• Don’t Dramatize It: It’s a brief season. Avoid creating drama over a few days spent together. I spoke to a woman who dreaded the holidays because her woman-in-law was such a drama queen, similar to the woman in our opening example. If she wants to make a fuss over her only son, let her – and stop rolling your eyes. He’s still going home with you when it’s over. And Mama, remember, his wife is the most important woman in his life. If you love him, treat her as he would expect you to.
  • Drop It! Take past issues and hurts to the foot of the cross, drop them and, walk away. Make a decision to leave them there. Jesus is more than able to heal the hurt that comes from rejection by those who are supposed to love you – He experienced it. Whether you are the MIL or the DIL, if you are a follower of Christ, it’s what He expects us to do. I am not suggesting what you’ve experienced isn’t genuinely painful. I am suggesting that if you are waiting for her to make it right, you might wait a very long time.

Why not make this the year you make your move and choose a fresh start in the relationship? Consider it a gift to the man in the middle. Doing it will make more real the holiness of this holiday season – and it will make our Lord smile.

This topic is tough to address in a single post. My book, Related by Chance, Family by Choice, covers the topic of women-in-law relationships comprehensively. Written with the input of my own three daughters-in-love, it’s for every woman whether the relationship is just beginning, already difficult – or good, and you’d like to take it up a notch. You can find it at the links listed here at:
or at your local Christian Book store.

I Choose You Today, Ron!

DeArmond-27Happy Birthday to my sweet husband, Ron.
Nearly five decades of Godly wisdom resides in this man. As many noted today on his Facebook page, he is a great guy and gives the best father hugs ever. Being married to me for forty years has been a workout. It’s not always been easy, but it’s always been worth the effort. His commitment, love, and loyalty has never faded. Neither has his pursuit of me. He’s good at this one, me, not so much. So today, I wanted to acknowledge a side of Ron many have never experienced. It’s from my book, I Choose You Today: 31 Choices to Make Love Last.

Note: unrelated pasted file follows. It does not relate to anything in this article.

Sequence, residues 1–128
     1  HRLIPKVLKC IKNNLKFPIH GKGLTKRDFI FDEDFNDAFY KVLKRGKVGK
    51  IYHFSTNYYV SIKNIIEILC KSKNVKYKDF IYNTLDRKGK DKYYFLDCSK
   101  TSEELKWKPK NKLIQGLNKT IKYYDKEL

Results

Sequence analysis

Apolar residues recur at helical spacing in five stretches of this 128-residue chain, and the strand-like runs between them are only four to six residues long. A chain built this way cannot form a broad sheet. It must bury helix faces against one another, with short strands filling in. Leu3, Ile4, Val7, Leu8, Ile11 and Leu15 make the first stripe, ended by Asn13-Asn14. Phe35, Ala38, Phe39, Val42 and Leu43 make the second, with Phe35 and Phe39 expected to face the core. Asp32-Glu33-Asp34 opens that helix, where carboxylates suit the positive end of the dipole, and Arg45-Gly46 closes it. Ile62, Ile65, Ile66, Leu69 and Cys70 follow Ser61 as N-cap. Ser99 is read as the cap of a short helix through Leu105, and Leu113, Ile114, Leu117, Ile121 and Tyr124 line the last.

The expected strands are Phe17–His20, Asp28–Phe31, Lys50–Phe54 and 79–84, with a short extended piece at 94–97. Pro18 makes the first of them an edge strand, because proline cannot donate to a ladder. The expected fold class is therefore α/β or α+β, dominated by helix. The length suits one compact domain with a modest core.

Another business trip, another city. The worst part of that first day on the road is taking my clothes out of the suitcase, hanging them up and pressing those that didn’t fare well in the travel process. I had just mentioned to my husband, Ron, that morning how much I dreaded that task— sometimes twice a week, as I moved between client locations.

And now, as I pulled the as advertised no-wrinkle blouse from my bag, an envelope fluttered to the floor. I fetched it from the carpet as I threw the blouse in the ironing pile.

Ron’s handwriting: Mag. His pet name made me smile immediately. I sank down on the foot of the bed and turned the envelope over. “I love you” was written across the sealed flap.

A sweet note inside reminded me of his love for me, how he much he missed me every second I was gone, and dreaded the empty side of the bed. A little flirting, a little prayer for my upcoming week. A sweet surprise, but not a first. Ron has pursued me consistently in the last 38 years.

He’s the romantic; I’m pragmatic. He can recall the date of our first kiss, never forgets an anniversary or special occasion. He has created elaborate romantic surprises for me over the years, capturing my heart again and again.

I could take a page from his book. I’ve been guilty sometimes of saying to him the morning of his birthday, “I didn’t get you a card. Will a kiss do?”

I should be better at this. I grew up in a home where everyday my father said to my mom, “Dottie, did I tell you today I love you?” Her response was always the same: “Yes, but you can tell me again.” They were perfect together. Mom would often appear annoyed when Dad (at age 75) would say to the waiter, “Hey there, bud, look around. The most beautiful girl in the room is with me tonight.” She said it embarrassed her terribly. Truthfully, she loved every moment of his pursuit.

That envelope got me to thinking about the impact Ron’s pursuit made on me. Knowing he always has me at the forefront of his thoughts and affections have created a great confidence, not only in our relationship, but also for me, personally. I’m not 25 anymore, but he still sees me as beautiful; he is still attracted to me. I trust his heart (if not always his eyes!), but it’s his heart he uses when he looks at me. I never wonder whether or not he truly loves me, needs me, and wants me. His pursuit speaks volumes and it draws me to him time after time.